And here's the thing about corporate life - the guys who set the budgets don't hate you (heck, they probably don't even know you) - they are just laying out the numbers. And the guy you're working for doesn't hate you (well, maybe he does - if you left him stranded by not refilling the coffee machine). No, he's just bound by making the best of a horrible set of choices. Someone has to go, and you're suddenly not an asset, you're an expense.

And this is one of the things about corporations you may have noticed. The blame is spread about. Nobody has to take the fall. Heck, your immediate boss may like you and think you're contributing, and STILL have to lay you off. Its just the numbers.

As a digression, one of the things I really love about losing your job in today's America is that "Your position has been eliminated". This is the corporate version of "Its not you, it's me." It's not like you haven't been doing your job or your didn't refill the coffee maker, it's just we showed up one morning, and your position? It's gone! Vanished! Gone in the night! And we don't hate you. We hate your job. You probably hate your job too. See? We're on the same side!

OK, fine, but why Christmas? Because corporations also drag their feet. Inertia is a powerful thing, particularly when you have do something rotten like deciding who gets shown the door. So things go through a lot more processes than they intend. So if your budgetary process starts in June with the end of Fiscal in December, and you try to find some way to make the numbers work without canning someone, you wait for it. Maybe things will work out. And when they don't you have to make the tough decisions late in the year. Multiply that desire and hope against all the layers involved in the task of removing people and you can see why it happens so late in the year. Merry Christmas.

What it all boils down to is a mistake at the very start of the process. The budgets have to work and the bottom line has to be determined. And all this has to make the shareholders happy. For the most part, these shareholders are faceless (and in the case of investment portfolios, inhuman) entities that supposedly only care about maximizing their investments. Actually, when you talk to THEM they never told anyone to fire anyone, either. They just want to get their money's worth.

So what needs to change (and I have seen it happen in places) is to not think about shareholders but about STAKEholders. These are the people with a stake in the company, which includes the monetary stake of investors the effort of employees, and the interests of consumers.In the hobby game market, you may not have a SHARE of WotC, but a fan of the games, you have a STAKE in WotC. You want to see it succeed. Oddly, so do the shareholders, management, and employees (See! We're on the same side!")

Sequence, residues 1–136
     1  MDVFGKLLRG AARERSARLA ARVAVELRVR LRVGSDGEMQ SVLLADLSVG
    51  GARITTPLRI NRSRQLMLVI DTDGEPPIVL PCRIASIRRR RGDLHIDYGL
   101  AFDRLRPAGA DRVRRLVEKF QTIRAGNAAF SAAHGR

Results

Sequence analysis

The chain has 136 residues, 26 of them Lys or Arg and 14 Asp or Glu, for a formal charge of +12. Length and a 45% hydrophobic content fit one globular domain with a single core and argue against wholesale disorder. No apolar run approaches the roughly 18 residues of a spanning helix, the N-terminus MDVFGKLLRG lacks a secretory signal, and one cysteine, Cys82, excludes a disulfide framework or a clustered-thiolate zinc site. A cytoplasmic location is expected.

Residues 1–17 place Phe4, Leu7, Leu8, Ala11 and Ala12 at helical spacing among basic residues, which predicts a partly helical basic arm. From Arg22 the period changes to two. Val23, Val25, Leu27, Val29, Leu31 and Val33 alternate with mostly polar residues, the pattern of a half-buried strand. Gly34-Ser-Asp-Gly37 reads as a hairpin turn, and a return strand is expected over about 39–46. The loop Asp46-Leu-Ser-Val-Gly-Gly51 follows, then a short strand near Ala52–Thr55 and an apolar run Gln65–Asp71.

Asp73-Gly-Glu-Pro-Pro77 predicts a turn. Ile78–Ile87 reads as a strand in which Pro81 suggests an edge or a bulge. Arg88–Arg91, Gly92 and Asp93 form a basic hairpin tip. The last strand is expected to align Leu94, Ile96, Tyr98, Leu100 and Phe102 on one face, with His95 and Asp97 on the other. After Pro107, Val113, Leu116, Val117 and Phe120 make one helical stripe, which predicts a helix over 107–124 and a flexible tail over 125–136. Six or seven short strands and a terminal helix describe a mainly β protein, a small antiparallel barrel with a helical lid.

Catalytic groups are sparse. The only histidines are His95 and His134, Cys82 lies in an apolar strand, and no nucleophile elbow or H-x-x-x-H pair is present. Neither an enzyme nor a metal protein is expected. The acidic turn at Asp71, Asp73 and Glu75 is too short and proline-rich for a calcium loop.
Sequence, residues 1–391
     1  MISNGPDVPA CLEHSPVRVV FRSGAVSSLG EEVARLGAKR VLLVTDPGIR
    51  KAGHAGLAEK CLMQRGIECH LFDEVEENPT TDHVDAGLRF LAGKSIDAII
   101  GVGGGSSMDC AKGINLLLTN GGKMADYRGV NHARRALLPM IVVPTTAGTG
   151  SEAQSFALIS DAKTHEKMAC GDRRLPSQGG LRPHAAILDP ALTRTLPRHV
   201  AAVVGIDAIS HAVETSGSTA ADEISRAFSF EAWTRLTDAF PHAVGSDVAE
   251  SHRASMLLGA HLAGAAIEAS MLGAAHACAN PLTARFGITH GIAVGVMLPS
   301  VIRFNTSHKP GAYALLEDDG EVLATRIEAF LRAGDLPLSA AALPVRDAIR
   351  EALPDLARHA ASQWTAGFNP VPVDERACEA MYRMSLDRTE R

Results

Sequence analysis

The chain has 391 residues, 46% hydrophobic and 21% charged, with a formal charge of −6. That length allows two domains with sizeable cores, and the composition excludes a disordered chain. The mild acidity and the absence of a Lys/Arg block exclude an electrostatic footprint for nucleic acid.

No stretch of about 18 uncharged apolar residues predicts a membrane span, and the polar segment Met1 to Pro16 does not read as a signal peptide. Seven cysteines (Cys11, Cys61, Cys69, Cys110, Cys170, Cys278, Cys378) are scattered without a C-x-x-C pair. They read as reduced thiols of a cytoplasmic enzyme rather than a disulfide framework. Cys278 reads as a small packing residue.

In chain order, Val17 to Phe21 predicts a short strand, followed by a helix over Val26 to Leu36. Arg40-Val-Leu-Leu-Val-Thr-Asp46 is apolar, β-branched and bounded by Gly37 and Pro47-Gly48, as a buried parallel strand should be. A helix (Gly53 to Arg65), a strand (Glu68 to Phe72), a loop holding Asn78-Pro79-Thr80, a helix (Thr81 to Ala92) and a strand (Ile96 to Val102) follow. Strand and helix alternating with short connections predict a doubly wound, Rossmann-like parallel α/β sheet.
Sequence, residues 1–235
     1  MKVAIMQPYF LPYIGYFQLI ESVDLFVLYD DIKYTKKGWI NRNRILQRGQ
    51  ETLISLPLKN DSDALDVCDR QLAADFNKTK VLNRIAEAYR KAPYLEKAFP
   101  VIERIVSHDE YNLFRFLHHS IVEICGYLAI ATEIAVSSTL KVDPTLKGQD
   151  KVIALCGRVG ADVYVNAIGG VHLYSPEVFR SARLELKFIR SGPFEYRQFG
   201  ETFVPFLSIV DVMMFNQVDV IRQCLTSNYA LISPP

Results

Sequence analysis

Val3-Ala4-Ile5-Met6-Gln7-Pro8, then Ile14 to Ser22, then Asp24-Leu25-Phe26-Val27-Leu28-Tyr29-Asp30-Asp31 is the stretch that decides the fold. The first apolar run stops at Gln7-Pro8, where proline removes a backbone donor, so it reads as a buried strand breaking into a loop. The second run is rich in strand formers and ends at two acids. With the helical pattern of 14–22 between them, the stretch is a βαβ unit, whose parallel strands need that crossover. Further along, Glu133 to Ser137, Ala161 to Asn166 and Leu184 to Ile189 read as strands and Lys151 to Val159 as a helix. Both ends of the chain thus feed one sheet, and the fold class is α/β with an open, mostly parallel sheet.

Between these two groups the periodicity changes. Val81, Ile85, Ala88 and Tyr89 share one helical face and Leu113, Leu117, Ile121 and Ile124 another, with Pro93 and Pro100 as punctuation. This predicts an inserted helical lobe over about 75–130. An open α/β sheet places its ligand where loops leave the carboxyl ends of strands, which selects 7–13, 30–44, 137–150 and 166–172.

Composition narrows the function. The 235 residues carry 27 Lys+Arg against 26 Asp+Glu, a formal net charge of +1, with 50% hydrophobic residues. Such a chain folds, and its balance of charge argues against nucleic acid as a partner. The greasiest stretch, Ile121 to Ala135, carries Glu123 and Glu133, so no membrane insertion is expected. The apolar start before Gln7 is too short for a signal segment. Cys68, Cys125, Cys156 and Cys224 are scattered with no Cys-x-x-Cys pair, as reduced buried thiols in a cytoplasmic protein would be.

Now the whole argument of stakeholders versus shareholders is not a panacea. Instead it is a guarantee of ongoing discussion as all the contributors vie for the returns that they seek (investors want value, the employees want security, and the consumers want product, but this are very broad statements). It is going to be more of a rugby scrum than a stately procession, which bothers the hell out anyone who likes an organizational tree. But I think it produces a better result.

I have sympathy for those who were let go. For older creatives, this leave-taking comes with compensation, and enough time to figure out the next move (You have a new job - that job is finding a new job). In our field, you also get the joy of reading your own eulogies - people who have beating on you in the forums for years will suddenly pronounce you a genius. You get to walk around for a few weeks saying things like "Apres moi, le deluge", and "The living will envy the dead". And you get to engage in a bit of gallows humor (the title of this article is the answer to an old joke: What is the difference between TSR and the Titanic?).

But it really doesn't make up for the sudden lack of security, the absence of a long-term paycheck and health care. And as long as the dedication of any company is ultimately to its shareholders and its bottom line, its employees and other stakeholders who are left out of that calculation should treat it with the suspicion and wariness that its deserves.

More later,

Monday, December 12, 2011

Company Picture

Here's the ArenaNet company photo. The stylish guy in the center rocking the black A.R.E.N.A soccer shirt is our boss, Mike O'Brien. I'm off to the right side, about three rows back, in the Hawaiian shirt. My eyes are closed from the flash.

More later.

Thursday, December 08, 2011

Meanwhile, in the early 1600s

Still buried, but that's no reason you guys should suffer. Here, have a rendition of "Who's on First" done in the Shakespearean fashion. It is written by Jay Leibowitz and David Foubert and directed by Jason King Jones. The video breaks up a bit at the end, but the sound is still good.

More later,

Monday, December 05, 2011

Meanwhile, on Cap Hill ...

I'm very busy with a number of things, but offer this while I am wrestling with other commitments.

Original creator unknown, but the statue itself is by Daryl Smith. Thanks to Learsfool for sending this.

More later. No, really.